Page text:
Then, against the run of play, Watsonians grabbed the only points of the first half after winning a penalty and then kicking to the corner. Inevitably what followed was a driving maul – and driven at speed – that created a try for hooker Jake Kerr. Millar added the conversion points for a 7-0 lead.

 

With a man advantage for the first seven minutes of the second period as a result of Watsonians’ prop Gregor Scougall being carded, Knights piled on the pressure, coming close to scoring when Aidan Cross made a dash to the corner and when fellow wing Callum Barrett tore through midfield.

But for all their effort the Knights could not break down Watsonians’ defensive structure and  worse still for the home side they then conceded, again very much against the run of play, what is known in the trade as a ‘sickener’. From a line-out close to the halfway line the visitors formed a driving maul that sucked in the back row defenders leaving a wide gap, visible from outer space, for the alert McAlpine to scorch through.

Millar converted for a 14-0 lead which might have stretched out further but for some excellent defence by the Knights near their own try line. Then after the impressive Harris Rutherford had captured a huge swathe of territory after a Watsonians move broke down, Knights got their reward with a try from a driven lineout attributed to replacement Corbin Thunder, Rutherford’s conversion handing his side a much-deserved bonus point.

 

Teams –

Southern Knights: D Crawford; A Cross, P Anderson, A Hall, C Barrett; G McNeish, C Bell; J Dobie, L Thompson, A Dodds, A Ferrie, T Nwosu-Hope, A Hosking, M Job, S Derrick. Subs: C Thunder, C Greer, A Saumaka, G Young, K Buchan, H Patterson, H Rutherford, J Hocking.

Watsonians: D Coetzer; L MacPherson, G Pringle, L Berg, S King; L Milar©, C McAlpine; C Davidson, J Kerr, G Scougall, K Watt, J Berrisford, L Ball, K Main, K van Niekerk. Subs: C Davies, R Deans, B Bratton, A Scopes, F Duraj, M McAndrew, F Owsley, M Reid.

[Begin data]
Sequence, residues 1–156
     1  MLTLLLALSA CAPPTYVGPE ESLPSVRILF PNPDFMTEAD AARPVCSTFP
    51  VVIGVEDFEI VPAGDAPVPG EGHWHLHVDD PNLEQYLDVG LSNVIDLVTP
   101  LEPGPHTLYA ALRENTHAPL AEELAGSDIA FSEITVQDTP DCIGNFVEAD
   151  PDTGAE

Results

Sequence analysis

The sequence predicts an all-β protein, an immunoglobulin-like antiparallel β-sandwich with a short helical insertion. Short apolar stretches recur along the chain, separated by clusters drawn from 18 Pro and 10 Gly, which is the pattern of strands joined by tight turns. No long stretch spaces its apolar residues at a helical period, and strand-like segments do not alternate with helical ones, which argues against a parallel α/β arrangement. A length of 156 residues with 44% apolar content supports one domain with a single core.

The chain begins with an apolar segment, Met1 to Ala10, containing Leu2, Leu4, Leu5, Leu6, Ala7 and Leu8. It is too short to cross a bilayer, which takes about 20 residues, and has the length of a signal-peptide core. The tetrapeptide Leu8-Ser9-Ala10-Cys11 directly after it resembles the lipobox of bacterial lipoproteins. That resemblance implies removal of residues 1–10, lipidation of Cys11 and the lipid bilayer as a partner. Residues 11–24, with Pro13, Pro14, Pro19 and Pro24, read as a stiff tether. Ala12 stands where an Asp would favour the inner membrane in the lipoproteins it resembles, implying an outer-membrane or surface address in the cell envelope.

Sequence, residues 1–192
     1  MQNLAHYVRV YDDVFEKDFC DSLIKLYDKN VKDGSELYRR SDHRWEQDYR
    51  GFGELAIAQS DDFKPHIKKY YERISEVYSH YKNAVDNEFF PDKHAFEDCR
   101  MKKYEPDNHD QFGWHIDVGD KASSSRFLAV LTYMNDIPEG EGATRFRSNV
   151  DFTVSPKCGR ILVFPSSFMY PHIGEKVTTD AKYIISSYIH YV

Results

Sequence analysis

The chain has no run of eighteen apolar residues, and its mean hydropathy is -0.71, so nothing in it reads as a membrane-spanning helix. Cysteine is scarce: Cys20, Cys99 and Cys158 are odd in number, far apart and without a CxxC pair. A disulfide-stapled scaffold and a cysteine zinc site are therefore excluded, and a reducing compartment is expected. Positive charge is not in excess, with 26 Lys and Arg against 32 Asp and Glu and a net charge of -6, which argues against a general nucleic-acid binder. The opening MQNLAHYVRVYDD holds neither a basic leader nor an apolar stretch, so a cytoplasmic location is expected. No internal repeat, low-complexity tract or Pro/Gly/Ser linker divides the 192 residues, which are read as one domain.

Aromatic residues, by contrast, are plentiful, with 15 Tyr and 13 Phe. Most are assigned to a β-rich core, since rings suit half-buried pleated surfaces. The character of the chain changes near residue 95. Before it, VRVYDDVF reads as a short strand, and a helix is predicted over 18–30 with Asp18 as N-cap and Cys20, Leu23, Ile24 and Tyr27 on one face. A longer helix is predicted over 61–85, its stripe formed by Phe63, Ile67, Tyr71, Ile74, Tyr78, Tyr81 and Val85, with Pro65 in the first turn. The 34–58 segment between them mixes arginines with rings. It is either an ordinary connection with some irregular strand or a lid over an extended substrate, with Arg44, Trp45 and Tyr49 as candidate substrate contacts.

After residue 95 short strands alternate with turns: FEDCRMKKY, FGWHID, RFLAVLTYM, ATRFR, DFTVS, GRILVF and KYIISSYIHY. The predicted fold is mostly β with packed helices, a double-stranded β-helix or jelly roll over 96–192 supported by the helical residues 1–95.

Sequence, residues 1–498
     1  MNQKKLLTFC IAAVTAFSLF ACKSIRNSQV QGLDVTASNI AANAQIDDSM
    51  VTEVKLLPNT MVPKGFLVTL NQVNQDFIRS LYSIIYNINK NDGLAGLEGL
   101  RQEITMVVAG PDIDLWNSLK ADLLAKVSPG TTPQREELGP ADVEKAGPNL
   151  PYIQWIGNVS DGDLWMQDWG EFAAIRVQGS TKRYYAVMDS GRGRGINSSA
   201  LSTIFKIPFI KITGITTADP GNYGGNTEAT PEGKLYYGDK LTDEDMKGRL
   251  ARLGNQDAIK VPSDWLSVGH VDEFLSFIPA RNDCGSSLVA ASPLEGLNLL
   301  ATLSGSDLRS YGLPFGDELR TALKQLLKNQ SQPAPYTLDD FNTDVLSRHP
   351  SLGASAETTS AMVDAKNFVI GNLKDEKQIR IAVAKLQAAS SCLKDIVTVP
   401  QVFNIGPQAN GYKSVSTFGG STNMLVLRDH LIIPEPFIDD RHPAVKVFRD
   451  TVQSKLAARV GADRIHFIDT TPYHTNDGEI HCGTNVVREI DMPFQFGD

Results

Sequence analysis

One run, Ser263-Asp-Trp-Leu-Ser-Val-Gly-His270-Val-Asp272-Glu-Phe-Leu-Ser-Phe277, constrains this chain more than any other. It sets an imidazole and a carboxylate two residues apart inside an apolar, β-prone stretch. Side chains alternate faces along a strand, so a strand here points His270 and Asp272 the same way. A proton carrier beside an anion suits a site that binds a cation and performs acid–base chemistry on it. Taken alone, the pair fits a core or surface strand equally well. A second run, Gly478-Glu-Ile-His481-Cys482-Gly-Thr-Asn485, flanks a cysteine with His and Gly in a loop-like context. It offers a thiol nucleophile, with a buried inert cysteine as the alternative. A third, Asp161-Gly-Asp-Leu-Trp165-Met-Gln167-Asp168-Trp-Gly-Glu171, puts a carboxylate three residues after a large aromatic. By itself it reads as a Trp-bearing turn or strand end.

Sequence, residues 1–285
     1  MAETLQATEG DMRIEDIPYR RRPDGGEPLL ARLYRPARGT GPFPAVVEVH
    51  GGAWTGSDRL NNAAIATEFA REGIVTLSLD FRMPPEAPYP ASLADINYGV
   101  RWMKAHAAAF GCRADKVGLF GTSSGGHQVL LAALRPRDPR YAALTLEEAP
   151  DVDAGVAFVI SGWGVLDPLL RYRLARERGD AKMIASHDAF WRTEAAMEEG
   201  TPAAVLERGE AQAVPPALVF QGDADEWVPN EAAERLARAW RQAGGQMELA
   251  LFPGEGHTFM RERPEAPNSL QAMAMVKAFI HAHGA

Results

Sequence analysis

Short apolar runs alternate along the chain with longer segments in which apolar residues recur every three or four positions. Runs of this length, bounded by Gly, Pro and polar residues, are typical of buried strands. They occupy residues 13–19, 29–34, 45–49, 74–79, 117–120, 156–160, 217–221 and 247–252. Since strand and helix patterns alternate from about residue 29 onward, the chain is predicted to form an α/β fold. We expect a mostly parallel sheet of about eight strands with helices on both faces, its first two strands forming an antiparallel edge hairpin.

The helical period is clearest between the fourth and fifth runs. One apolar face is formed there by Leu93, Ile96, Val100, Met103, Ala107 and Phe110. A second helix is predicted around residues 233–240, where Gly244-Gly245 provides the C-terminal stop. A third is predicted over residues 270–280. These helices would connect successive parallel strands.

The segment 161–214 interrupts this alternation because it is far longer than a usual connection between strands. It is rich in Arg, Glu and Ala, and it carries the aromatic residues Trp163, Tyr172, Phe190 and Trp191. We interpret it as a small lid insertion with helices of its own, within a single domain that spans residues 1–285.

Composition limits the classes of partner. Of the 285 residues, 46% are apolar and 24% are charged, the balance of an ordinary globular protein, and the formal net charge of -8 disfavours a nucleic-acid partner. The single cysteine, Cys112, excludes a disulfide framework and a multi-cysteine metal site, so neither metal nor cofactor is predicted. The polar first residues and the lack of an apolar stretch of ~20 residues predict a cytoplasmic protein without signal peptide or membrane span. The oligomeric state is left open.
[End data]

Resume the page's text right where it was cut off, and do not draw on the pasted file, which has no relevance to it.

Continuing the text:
Referee: Sam Grove-White.

 

Scorers –

Southern Knights: Try: Thunder.  Con: Rutherford.

Watsonians: Tries: Kerr, McAlpine. Cons: Miller (2)

Scoring Sequence (Southern Knights first): 0-5, 0-7 (ht) 0-12, 0-14, 5-14, 7-14.

 

Yellow cards –

Watsonians: Scougall (37)

 

Man-of-the-Match: The match needed a game-breaker and in this aspect scrum-half Connor McAlpine provided a bit of stardust with his try that was all about mental awareness and sheer pace. Great to watch.

Talking point: Watsonians have now fully recovered from the infamous mauling by Heriot’s and appear to have put right all that went wrong on that disastrous night at Myreside. For Knights the match will have given the Greenyards franchise a shot of confidence and for them it must surely be upwards from this point.


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About Alan Lorimer 369 Articles
Scotland rugby correspondent for The Times for six years and subsequently contributed to Sunday Times, Daily and Sunday Telegraph, Scotsman, Herald, Scotland on Sunday, Sunday Herald and Reuters. Worked in Radio for BBC. Alan is Scottish rugby journalism's leading voice when it comes to youth and schools rugby.